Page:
Thank you, Nakisa. You must be a yogi. Yogis are renunciants. They know that living a simple, uncomplicated life is conducive to spiritual practices — and consequently to peace of mind and happiness. Namaste.
Hello Svami. You make a great point about the middle path.
Extremes are the norm here in America, especially the advertising and politics.
Ads create a powerful, alternate reality, for example a new car.
A new car makes its owner an object of envy…and it has a siddhi, a special power, to empty roads of all traffic so he can speed along in fabulous glory.
My Guru used to share a middle path analogy—it may have been a poem or scripture—about a stringed instrument. If the strings are too tight they break. Too loose and they make no sound. The middle tension is just right. Thank you.
Thank you for joining the conversation, Rob. If memory serves me, the stringed instrument analogy comes from the Buddha. And your Guru. — Talking about advertisements, I get a good laugh when I watch TV ads showing how happy people can be if they … take this medication, buy this household appliance, or use this particular kitty litter. If happiness came from “stuff” we’d be living in a different world! Namaste.
As you mentioned in a previous lesson, make it a habit to meditate regularly, put your ego “on the back shelf”
Thanks, Tosh. Maybe we shove our egos off a cliff. From a back shelf, it could sneak up and grab us again. Namaste.
I like what you have said about keeping a watch over the mind and how we are affected by our surroundings. To witness how one’s thoughts and actions affect the mind is very important.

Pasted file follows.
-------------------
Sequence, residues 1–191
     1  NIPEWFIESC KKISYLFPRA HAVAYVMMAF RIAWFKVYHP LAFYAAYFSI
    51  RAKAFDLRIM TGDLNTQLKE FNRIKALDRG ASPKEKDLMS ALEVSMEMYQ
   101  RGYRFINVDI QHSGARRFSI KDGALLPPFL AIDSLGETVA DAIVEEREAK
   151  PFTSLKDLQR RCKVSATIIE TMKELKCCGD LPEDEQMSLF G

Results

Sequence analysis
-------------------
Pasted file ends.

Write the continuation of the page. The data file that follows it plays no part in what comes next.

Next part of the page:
A truism, Gary. Thank you for mentioning it. Namaste.
It’s wise to avoid extremism.
When you are at the top you only see shadows and when your at the bottom you are blinded by the light, but from the middle everything is pleasing… day and night
And… moderation in all things (middle way) will free you from the tyranny of your cravings.
Thank you for your words of wisdom, Sue. Moderation is a form of bliss that people don’t understand until they practice it for some time. But then — surprise! — life is effortlessly peaceful and joyous. Namaste.
Extremism seems to a symptom of a big ego which is the enemy of happiness. I realize nobody really cares how great another is. I’m learning to walk the middle path in all I do. Walking the middle path doesn’t mean giving up. It just means chill out, do the practice, and whatever happens will happen. It’s great not trying to be great!
Thank you for commenting, Modesto. Walking the middle path takes awareness and effort–like balancing on a razor’s edge. It sounds like your practices are bearing fruit. Namaste.
Perhaps, instead of not partaking in fruitless arguments, one should avoid arguments altogether. Just accept ‘what is’ and move on.
Sounds like a good idea, James! Namaste.
The middle path is sustainable.
That’s an excellent point, Roxie. Thank you!
Re Tony’s comment: Perhaps the (often boring) ruts that people find themselves in is a motivator toward the extreme experiences. What people don’t realize is that the extremes only provide temporary relief from the ruts; whereas, moderation brings stable, on-going joy. The Stoics knew and know this.
Thank you for mentioning the Stoics, Richard. The Stoics were well grounded in common sense, and their teachings are a good complement to yogis on the spiritual path. Namaste.
What is the difference between moderation and a rut? Too much dishwashing, too much business, too much going out? Maybe a rut takes over, whereas moderation leaves room for discrimination. Garbage in – garbage out.
Thank you for your comment, Tony. Effort is required to practice anything in moderation. It’s much easier to let the pendulum swing from extreme to extreme. Vigilance, awareness, and discrimination come to mind. These are all required to walk the razor’s edge of the spiritual path. Namaste.